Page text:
_________________________
Lose the drama; life is a poem.

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#461728 - 02/28/14 01:47 PM Re: Your Mother's Abuse? *Triggers* [Re: focusedbody]
gaatt Offline
Member
MaleSurvivor

Registered: 11/02/08
Posts: 122
Hi Focussed
Originally Posted By: focusedbody
Everything you describe is very familiar.
Thanks, yes, I've noticed that our stories have lots of common themes too. This is reassuring for me. I experience very few people who fully understand what I'm dealing with.

Originally Posted By: focusedbody
One of the problems I run into with my trying to be more genuine and also masculine is that it runs the risk of causing my mother to dissociatively get excited about me becoming a man and then crossing a boundary.
Yes, this part is a little different. My mother tends to show signs of anger when I embrace my maleness. I find it frightening and disturbing. I think that she has alot of repressed anger around sexuality that comes out when I try to embrace mine at all. I do, however, totally understand your confusion. I've dealt with and continue to deal with confusion a great deal too. I think some of that is simply due to the subtle nature of the abuse. Subtle stuff is challenging to see clearly. I suppose we can be proud of our ability to do this and heal ourselves. I have heard of a local fellow who committed suicide due to a dynamic very similar to ours.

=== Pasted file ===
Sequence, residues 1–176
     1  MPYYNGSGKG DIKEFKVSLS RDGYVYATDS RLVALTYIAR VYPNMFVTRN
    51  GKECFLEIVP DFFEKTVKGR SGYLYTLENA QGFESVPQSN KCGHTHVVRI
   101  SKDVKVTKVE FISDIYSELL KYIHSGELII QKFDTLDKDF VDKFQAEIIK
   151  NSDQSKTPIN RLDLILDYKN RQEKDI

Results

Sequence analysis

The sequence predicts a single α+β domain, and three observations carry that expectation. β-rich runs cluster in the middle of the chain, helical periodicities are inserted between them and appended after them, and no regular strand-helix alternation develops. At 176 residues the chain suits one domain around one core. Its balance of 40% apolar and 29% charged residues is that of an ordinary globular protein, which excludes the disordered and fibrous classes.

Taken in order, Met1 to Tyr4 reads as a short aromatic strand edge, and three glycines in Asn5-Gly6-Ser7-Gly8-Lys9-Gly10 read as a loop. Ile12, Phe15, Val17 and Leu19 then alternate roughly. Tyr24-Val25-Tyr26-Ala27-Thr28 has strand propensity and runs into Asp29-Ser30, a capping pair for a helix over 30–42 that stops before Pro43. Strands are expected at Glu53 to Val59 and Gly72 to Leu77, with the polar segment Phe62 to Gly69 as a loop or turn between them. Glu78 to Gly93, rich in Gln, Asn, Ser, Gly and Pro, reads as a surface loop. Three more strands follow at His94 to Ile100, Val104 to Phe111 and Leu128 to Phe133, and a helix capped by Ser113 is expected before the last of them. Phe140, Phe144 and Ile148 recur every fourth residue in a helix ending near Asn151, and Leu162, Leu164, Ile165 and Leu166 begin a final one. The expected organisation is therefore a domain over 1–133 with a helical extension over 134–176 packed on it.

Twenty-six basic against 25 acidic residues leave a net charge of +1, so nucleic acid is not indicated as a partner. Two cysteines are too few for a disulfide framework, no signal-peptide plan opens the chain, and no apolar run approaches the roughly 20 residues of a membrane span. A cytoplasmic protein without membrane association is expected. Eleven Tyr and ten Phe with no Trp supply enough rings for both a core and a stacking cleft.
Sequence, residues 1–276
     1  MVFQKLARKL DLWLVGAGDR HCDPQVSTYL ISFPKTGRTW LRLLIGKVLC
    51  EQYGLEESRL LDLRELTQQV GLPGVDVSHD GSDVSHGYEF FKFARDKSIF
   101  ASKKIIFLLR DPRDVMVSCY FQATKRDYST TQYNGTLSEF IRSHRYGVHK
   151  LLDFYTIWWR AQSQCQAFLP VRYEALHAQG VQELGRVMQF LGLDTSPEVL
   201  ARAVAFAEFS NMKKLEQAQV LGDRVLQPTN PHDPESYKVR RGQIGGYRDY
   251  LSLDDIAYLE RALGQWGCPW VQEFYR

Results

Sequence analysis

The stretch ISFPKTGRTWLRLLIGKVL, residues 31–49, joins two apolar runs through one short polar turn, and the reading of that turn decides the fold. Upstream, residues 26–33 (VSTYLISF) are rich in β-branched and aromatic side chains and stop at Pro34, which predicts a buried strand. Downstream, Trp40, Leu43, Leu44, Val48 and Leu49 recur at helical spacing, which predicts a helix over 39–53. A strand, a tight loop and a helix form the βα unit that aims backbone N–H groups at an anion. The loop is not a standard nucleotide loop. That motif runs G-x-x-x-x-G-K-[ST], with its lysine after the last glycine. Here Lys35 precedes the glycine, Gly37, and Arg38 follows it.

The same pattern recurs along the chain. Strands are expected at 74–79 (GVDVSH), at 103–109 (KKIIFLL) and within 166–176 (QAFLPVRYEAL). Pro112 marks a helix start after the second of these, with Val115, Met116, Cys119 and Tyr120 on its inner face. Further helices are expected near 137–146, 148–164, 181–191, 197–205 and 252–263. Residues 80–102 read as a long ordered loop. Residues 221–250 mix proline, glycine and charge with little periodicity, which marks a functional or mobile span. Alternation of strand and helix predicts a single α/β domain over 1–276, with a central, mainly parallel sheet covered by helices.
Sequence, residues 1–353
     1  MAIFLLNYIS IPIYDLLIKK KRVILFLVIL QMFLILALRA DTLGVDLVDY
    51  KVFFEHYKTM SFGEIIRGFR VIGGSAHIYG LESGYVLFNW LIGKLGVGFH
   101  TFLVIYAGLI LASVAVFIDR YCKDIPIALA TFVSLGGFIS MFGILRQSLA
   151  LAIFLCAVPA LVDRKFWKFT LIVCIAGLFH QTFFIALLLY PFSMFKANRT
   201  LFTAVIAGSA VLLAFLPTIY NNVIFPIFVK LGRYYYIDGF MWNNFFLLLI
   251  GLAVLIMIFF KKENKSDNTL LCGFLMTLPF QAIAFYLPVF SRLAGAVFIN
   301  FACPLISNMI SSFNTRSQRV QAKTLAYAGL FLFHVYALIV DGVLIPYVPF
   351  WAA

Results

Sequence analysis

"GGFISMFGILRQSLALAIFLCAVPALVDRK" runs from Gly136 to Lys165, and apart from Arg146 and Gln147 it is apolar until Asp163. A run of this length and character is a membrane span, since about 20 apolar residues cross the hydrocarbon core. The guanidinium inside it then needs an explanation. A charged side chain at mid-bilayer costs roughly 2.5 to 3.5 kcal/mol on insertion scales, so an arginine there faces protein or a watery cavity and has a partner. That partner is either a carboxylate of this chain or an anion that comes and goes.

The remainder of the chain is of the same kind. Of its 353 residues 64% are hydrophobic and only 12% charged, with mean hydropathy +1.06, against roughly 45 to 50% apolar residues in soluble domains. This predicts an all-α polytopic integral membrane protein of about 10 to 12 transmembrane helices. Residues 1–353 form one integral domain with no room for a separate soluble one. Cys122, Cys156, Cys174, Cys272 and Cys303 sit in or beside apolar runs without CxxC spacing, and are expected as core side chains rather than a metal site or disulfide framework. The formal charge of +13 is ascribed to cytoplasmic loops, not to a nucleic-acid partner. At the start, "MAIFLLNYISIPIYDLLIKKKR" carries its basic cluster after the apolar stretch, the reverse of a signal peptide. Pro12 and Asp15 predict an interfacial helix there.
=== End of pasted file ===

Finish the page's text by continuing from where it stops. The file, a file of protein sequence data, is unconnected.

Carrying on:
Originally Posted By: focusedbody
For me, knowing what I am feeling has been an important part of recovery. When I sort out my own feelings as separate from hers, it reminds me that I am separate.
Yes, this is crucial to me too. So often I've acted without knowing my own feelings or refusing to honour them. This tends to drain me quite strongly. When I get in touch with my anger or my fear of total exhaustion, then remember my commitment to "Loving this Earth and all her offspring" (including, most importantly, me) things start to change.

Thanks for writing. It's great to hear from you.

Sincerely,

"GAATT"
_________________________
"Love yourself and watch...Today, Tomorrow, Always." Buddha.

My Story: http://www.malesurvivor.org/board/ubbthreads.php?ubb=showflat&Number=468661#Post468661

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#461758 - 02/28/14 07:46 PM Re: Your Mother's Abuse? *Triggers* [Re: gaatt]
gaatt Offline
Member
MaleSurvivor

Registered: 11/02/08
Posts: 122
Hi Guys,

I want to elaborate a bit on this quoted piece of mine because it seems to be very much up for healing in me these days:

Originally Posted By: gaatt
I struggle with taking on women's trauma in many ways.


I think it is related to the original question too in a broader way. It goes well beyond mother-son interactions in me. Women are pretty good at expressing their victimization (abuse). Men aren't so good at this.